Season Two Premiere
Bryan Cranston, Anna Gunn, Dean Norris, Aaron Paul, Betsy Brandt, RJ Mitte
Regular airtime: Sundays, 10pm ET
US: 8 Mar 2009
Walter White (Emmy-winning Bryan Cranston) is a high school chemistry teacher. During the first season of Breaking Bad, he learned he has lung cancer and decided to cook and sell meth in order to provide for his family. Nothing went as planned for Walter and his partner, Jesse (Aaron Paul), a former student who did not do well in chemistry, or, for that matter, in life after high school. Walter tried and failed to keep his secrets—his cancer, his self-preserving murder of a drug dealer/DEA snitch/cousin, his use of pot—from his pregnant wife, Skyler (Anna Gunn).
The revelation of Walter’s bad-ass other life impressed his disabled and moody son, Walt Jr. (RJ Mitte), though he was also annoyed by his father’s apparent lack of will to live. He and Skyler have chosen to help Walt hide his criminal activities from Skyler’s sister, Marie (Betsy Brandt), a chronic shoplifter in denial, and her husband, Hank (Dean Norris), a crude, yet thoughtful DEA agent.
As Season Two opened this past Sunday, a charred stuffed animal was sinking in the Whites’ swimming pool. Not a good sign. Jesse and Walt were making a drug deal with Tuco (Raymond Cruz), visibly shaken after he beat one of his associates to a bloody pulp for “almost nothing.” Seconds later, Tuco demanded that that Walt “do that thing” and Jesse “breathe into [the bloody pulp’s] mouth,” even as the man was already dead. If Tuco wasn’t, as Hank describes him, “a psychotic piece of shit” and scary as hell, the scene would have been hilarious. But the tension combined with comedy to produce a different effect, the sort of brilliant, complex emotional mix that Breaking Bad conjures consistently.
Though Walt had calculated that he only needed 11 more drug deals to pay for two college educations, the mortgage, and 10 years of “cost of living” money, he and Jesse are now on the run from Tuco. Increasingly frustrated, Walt is seeming less and less “like himself,” going so far as nearly raping Skyler in the kitchen, a startling act that left a smudge of her face mask on the fridge—a clue to mayhem that Walt, Jr. spotted when he arrived home moments later. Further evidence of Walt’s loss of control, his new sexual appetite was the seeming result of his near-death experience, courtesy of Tuco.
Skyler has other problems as well. She and Marie are on the outs and when Hank tried to intervene on her behalf, Skyler let loose, complaining of her “spoiled, kleptomaniac bitch sister,‘who ‘always manages to be the center of attention.’” Hank urged her to be supportive because, after all, Marie is seeing a counselor (kind of). The more immediate source of tension between husband and wife has to do with Skyler’s increasing sense of abandonment by a husband and son who “disappear for hours” and barely talk to her—and of course, the overdrawn checking account and the faulty water heater. The best he could come up with was to offer to take a look at the utility closet.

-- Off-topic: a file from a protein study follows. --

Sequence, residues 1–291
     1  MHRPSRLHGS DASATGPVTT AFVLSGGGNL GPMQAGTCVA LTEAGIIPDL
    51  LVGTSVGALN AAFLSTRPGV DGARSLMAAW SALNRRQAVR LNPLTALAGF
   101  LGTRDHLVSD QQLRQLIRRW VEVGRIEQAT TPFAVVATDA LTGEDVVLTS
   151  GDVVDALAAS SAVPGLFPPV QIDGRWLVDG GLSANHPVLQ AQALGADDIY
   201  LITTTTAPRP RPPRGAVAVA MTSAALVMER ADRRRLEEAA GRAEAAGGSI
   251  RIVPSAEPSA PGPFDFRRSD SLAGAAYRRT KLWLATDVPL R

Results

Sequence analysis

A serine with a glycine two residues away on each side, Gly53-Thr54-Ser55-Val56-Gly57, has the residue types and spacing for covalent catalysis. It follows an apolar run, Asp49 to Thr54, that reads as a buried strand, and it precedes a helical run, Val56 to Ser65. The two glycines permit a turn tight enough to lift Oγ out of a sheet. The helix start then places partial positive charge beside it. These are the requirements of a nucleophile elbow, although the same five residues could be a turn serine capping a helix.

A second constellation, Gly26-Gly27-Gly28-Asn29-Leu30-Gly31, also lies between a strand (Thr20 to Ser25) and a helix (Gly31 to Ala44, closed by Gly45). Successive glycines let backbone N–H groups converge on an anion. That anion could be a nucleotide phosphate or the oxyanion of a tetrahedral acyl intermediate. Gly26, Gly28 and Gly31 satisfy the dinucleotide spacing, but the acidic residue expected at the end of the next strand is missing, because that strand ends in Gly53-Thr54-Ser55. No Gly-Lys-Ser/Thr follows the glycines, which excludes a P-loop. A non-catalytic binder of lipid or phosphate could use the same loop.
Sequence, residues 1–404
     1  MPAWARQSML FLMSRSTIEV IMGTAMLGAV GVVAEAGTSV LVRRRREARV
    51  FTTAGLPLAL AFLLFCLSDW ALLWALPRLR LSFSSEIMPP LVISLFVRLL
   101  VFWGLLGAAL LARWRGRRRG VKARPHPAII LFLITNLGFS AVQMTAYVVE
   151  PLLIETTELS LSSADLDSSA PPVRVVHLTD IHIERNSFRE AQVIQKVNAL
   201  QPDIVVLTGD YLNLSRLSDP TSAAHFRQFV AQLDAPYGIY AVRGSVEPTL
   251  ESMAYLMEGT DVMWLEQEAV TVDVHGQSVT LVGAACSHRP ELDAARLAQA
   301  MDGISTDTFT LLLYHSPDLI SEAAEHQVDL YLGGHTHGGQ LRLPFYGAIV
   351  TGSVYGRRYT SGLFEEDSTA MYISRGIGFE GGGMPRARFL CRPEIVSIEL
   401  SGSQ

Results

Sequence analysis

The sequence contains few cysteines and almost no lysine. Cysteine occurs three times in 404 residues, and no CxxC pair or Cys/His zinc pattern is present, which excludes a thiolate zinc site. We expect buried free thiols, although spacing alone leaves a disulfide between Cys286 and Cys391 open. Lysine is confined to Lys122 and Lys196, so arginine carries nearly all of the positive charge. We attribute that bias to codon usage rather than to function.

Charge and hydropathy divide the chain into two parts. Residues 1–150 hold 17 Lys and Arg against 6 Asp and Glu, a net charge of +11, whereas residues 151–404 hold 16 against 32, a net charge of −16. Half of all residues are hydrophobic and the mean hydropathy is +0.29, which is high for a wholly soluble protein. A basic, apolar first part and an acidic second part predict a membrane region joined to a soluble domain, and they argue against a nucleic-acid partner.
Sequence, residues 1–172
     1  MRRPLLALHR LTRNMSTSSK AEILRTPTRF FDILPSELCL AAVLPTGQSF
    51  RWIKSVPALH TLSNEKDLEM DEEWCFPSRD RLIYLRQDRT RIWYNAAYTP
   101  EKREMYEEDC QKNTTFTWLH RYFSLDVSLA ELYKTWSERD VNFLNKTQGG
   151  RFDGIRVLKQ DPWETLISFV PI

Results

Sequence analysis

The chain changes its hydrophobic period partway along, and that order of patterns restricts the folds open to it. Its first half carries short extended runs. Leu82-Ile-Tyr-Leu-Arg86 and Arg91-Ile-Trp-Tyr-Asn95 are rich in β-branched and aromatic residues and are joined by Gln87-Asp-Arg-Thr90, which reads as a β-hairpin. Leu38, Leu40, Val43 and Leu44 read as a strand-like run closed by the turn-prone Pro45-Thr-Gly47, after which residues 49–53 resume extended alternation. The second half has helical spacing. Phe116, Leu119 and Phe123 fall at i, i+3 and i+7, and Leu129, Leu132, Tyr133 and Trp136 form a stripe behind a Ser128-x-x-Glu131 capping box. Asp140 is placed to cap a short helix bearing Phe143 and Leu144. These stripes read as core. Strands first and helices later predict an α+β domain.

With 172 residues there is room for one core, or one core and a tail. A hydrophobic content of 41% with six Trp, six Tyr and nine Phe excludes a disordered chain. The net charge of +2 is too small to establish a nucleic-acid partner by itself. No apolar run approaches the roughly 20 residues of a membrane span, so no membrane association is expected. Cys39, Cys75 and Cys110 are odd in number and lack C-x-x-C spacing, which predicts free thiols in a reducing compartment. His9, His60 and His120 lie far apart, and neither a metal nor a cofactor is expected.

As Jesse and Walt plotted to get rid of Tuco, cooking up some poison for this task, Hank and the DEA continued to investigate local meth-related crimes, including Walt and Jesse’s theft of chemicals (“Try rolling it morons, it’s a barrel”) and, later, the murders of two of Tuco’s associates. Despite Hank’s inability to see how Walt fits into the picture, he’s quite good at his job, noting their suspects have chemistry skills, “Book smarts but no street smarts.” Most often, Hank’s job amuses him, whether he is laughing at the “world’s dumbest criminal” or posing next to a body at a crime scene. Hank was so amused by this last that he sent Walt a picture via cell phone, leading immediately to Walt and Jesse’s panic—as they were witnesses to this particular brutality.
This first episode of Season Two ended like all the other episodes—at the cusp of the next chapter. Just as Walt was trying to figure out how to tell Skyler all the problems he’s facing, Jesse showed up at his house. “What the hell are you doing here?” Walt demanded, just as Tuco emerged from the back seat of Jesse’s car. Walt had no choice but to get in. Again, Breaking Bad promises to be quite a ride.
// Channel Surfing
"A busy episode in which at least one character dies, two become puppets, and three are trapped and left for dead in an unlikely place.READ the article